Mike Croucher

Research Software Engineers, BBSRCBy Mike Croucher, Research Software Engineer at University of Sheffield and Software Sustainability Institute Fellow

Reposted with the author's permission. This article was originally published in Walking Randomly

The job title ‘Research Software Engineer’ (RSE) wasn’t really a thing until 2012 when the term was invented in a Software Sustainability Institute collaborations workshop. Of course, there were lots of people doing Research Software Engineering before then but we had around 200 different job titles, varying degrees of support and career options tended to look pretty bleak.  A lot has happened since then including the 2016 EPSRC RSE Fellowsthe first international RSE conference and a host of University-RSE groups popping up all over the country.

In my talk, Is your Research Software Correct?, I tell the audience ‘If you need help, refer to your local RSE team. All good Universities have a central RSE team and if yours does not…..I refer you back to the word ‘good'' It always…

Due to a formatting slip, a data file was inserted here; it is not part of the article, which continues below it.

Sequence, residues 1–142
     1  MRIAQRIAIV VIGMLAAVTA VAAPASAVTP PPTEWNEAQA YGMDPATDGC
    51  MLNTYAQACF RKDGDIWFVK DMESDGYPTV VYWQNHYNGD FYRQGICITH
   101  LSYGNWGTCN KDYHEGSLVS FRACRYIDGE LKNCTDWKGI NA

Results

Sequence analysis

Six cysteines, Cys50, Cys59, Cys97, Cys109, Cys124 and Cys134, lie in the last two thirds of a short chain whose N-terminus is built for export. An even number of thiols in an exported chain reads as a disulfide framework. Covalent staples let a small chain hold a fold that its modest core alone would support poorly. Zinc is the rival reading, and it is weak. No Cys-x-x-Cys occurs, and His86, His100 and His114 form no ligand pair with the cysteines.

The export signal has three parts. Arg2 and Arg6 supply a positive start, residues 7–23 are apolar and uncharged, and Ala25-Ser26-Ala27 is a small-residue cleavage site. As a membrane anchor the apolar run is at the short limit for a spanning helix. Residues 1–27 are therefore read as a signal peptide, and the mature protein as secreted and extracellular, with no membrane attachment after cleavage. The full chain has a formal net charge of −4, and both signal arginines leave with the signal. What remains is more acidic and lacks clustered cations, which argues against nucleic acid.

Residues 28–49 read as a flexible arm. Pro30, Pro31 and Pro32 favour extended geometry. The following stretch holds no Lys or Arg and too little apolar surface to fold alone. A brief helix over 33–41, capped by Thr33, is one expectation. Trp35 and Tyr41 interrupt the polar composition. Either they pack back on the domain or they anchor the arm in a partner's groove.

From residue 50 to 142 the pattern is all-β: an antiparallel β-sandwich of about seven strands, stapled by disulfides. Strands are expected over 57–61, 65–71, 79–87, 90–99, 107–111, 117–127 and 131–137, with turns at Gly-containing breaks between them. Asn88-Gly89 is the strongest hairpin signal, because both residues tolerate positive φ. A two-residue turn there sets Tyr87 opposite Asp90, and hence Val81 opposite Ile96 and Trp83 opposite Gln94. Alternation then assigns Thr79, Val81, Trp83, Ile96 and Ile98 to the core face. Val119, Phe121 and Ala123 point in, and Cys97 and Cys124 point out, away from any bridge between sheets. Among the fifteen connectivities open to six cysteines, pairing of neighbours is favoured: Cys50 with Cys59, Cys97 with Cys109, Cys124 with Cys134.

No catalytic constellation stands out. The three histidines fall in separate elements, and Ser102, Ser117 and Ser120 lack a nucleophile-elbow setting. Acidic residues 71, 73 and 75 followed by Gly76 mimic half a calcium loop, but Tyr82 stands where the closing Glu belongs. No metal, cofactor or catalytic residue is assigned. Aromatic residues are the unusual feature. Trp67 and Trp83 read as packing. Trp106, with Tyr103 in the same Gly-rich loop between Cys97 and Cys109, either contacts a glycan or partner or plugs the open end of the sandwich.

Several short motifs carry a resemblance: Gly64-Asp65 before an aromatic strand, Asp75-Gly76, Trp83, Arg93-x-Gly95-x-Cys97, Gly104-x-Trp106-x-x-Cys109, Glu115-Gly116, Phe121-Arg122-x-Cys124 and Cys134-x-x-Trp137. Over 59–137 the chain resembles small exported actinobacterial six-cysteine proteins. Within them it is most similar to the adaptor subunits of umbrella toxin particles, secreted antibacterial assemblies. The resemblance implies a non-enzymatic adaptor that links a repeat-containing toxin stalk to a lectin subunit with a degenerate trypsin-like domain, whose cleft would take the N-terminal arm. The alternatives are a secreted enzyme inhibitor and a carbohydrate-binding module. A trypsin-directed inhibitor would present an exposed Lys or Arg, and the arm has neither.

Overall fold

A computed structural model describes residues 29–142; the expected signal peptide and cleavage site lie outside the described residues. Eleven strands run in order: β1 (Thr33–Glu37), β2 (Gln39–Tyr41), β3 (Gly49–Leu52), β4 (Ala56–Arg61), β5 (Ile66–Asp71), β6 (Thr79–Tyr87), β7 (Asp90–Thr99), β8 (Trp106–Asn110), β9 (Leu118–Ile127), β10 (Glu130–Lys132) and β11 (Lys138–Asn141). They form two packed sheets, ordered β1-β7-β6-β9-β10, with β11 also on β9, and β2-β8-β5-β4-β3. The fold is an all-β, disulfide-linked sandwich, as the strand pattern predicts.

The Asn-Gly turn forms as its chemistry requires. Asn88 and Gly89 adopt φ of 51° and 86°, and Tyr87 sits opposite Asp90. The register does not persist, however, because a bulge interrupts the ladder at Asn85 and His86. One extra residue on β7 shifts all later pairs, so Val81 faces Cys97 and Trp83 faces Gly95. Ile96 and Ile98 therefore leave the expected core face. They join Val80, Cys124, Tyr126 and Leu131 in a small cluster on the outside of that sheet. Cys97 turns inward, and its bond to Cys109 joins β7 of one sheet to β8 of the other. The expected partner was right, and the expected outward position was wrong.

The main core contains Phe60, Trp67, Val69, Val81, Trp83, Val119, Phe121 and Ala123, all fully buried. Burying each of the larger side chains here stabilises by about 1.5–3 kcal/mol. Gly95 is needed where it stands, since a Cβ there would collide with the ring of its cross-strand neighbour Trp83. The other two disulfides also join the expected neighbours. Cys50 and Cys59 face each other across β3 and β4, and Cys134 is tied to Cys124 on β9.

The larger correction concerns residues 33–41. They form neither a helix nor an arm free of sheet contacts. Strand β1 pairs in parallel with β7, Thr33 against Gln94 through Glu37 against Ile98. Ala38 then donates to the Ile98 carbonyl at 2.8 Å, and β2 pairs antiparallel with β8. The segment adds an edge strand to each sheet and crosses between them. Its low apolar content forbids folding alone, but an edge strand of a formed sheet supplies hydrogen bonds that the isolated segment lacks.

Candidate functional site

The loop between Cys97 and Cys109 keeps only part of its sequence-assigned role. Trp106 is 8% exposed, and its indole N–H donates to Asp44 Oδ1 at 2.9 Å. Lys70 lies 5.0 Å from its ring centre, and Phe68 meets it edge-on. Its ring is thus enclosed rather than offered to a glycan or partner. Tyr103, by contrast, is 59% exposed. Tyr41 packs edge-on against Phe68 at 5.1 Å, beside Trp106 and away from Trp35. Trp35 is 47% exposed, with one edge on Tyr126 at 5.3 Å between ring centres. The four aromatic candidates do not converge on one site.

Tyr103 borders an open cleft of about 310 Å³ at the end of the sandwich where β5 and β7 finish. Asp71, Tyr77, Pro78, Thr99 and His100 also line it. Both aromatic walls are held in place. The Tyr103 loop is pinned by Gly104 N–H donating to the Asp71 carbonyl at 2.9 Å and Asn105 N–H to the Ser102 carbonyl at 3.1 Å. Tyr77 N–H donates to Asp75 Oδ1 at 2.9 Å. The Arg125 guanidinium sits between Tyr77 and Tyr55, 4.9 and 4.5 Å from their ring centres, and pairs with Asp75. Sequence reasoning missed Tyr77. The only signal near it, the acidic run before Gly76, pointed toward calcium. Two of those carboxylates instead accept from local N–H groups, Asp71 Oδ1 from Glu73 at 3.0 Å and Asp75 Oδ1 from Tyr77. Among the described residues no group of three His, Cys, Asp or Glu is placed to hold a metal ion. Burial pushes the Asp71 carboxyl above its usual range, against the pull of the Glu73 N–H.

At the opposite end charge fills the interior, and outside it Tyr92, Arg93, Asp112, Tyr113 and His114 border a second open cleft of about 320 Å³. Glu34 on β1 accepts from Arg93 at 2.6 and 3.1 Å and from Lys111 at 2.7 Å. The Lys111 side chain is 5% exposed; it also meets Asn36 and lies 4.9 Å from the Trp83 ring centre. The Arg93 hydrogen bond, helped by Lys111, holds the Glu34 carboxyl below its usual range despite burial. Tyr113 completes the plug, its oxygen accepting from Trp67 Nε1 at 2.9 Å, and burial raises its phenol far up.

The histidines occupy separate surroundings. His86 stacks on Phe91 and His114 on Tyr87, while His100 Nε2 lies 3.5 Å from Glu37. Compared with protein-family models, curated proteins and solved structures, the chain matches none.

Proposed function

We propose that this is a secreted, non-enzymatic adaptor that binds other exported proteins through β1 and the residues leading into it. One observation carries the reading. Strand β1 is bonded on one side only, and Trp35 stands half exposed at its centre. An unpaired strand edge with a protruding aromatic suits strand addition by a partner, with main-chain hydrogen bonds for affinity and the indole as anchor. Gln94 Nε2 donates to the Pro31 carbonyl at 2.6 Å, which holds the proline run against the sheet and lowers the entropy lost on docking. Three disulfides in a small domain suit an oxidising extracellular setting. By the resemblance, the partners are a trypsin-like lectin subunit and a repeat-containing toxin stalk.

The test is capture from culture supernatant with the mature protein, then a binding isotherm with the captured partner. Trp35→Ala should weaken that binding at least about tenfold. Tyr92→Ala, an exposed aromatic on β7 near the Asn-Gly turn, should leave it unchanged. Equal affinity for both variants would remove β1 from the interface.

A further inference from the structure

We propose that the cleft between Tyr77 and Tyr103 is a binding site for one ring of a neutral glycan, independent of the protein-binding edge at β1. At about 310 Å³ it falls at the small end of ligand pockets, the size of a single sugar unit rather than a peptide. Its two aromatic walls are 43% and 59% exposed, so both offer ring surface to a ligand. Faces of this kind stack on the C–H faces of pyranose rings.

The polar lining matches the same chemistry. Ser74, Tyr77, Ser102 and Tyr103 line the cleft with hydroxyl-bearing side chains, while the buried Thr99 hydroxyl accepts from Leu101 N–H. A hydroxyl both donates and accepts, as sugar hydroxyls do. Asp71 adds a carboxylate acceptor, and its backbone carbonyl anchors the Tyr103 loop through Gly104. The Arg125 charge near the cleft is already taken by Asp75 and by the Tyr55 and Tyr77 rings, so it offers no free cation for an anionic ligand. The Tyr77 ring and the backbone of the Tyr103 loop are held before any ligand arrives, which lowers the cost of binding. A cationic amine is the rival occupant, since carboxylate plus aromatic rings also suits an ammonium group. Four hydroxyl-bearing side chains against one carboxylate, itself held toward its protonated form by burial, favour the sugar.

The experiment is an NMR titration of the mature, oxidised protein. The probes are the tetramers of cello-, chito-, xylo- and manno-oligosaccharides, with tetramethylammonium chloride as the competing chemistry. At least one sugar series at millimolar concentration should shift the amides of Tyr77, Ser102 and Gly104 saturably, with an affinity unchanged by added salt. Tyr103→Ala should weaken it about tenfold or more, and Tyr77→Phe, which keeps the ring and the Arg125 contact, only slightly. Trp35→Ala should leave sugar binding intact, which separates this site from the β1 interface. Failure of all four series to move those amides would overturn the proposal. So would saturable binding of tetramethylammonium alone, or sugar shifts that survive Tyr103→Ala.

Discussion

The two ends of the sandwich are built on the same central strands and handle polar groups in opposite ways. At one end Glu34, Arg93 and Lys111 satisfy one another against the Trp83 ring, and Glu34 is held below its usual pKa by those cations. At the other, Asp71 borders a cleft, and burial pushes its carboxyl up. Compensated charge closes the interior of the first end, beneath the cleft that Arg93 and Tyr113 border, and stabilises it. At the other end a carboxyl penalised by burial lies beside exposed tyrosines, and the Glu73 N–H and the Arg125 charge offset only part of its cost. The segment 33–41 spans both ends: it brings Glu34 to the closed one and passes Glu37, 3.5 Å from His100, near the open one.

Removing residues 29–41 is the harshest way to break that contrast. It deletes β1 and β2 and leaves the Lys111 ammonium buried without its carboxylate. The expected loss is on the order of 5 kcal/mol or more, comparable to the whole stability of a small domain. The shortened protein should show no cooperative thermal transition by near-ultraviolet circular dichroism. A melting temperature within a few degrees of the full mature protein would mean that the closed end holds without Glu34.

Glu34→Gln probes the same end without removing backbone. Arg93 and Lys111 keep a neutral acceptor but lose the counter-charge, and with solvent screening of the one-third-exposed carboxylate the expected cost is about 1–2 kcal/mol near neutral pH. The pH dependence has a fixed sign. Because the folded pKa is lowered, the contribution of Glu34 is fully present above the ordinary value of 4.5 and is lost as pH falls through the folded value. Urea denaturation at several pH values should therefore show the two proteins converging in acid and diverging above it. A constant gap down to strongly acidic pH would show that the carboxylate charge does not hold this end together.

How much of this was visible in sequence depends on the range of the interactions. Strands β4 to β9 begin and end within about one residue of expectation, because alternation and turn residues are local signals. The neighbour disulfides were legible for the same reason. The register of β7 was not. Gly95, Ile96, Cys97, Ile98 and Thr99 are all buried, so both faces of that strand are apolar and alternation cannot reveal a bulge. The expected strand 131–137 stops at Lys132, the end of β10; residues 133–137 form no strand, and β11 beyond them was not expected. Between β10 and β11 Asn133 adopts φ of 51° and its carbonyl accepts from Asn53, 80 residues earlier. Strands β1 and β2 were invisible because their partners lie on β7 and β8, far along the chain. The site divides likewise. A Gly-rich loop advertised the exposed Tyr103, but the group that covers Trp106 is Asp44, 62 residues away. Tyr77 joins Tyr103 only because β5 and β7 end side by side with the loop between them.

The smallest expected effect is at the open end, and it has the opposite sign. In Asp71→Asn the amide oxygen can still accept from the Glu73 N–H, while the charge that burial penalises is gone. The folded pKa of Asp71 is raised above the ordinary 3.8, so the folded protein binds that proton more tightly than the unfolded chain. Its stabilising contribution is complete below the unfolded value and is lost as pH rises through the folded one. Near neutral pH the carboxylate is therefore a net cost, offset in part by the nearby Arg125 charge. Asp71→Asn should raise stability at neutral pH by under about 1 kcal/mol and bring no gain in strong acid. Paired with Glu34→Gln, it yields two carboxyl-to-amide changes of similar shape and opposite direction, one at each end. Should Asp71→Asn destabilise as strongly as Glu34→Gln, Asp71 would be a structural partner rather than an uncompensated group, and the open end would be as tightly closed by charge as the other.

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By Mike Croucher, SSI Fellow, Research Software Engineer and author of Walking Randomly.

William Stein, lead developer of the computer algebra system, Sage, and its cloud-based spin-off, SageMathCloud, recently announced that he was quitting academia to go and form a company. In his talk, William says "I can’t figure out how to create Sage in academia. The money isn’t there. The mathematical community doesn’t care enough. The only option left is for me to build a company."

His talk is linked below and his slides are also available.

“Every great open source math library is built on the ashes of someone’s academic career.”

William’s departure is not unique. Here’s a tweet from Wes Mckinney, creator of pandas, one of the essential data science tools for Python.

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We are looking for similar stories: good research software people who felt that they had to leave academia because there wasn’t enough support, recognition…

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Dagsthul Perspectives WorkshopBy Carole Goble, Manchester Principal Investigator at the Software Sustainability Institute, and Mike Croucher, Robert Haines, and Caroline Jay, Fellows at the Software Sustainability Institute.